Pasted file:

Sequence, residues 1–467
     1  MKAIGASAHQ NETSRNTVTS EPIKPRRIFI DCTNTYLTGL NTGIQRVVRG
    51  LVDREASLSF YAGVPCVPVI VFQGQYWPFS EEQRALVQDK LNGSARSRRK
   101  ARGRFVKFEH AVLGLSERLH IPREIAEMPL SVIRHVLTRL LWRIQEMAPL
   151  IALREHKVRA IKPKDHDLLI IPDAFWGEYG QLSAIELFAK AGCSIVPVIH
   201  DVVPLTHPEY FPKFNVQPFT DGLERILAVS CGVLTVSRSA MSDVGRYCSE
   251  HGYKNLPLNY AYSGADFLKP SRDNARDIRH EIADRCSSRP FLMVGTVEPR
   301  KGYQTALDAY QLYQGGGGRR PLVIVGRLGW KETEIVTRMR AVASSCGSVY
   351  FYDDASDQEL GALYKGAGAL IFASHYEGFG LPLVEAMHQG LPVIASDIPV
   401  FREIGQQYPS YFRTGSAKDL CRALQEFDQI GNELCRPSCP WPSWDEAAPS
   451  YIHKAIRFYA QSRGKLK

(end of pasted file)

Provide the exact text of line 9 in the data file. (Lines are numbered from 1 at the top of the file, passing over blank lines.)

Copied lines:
   351  FYDDASDQEL GALYKGAGAL IFASHYEGFG LPLVEAMHQG LPVIASDIPV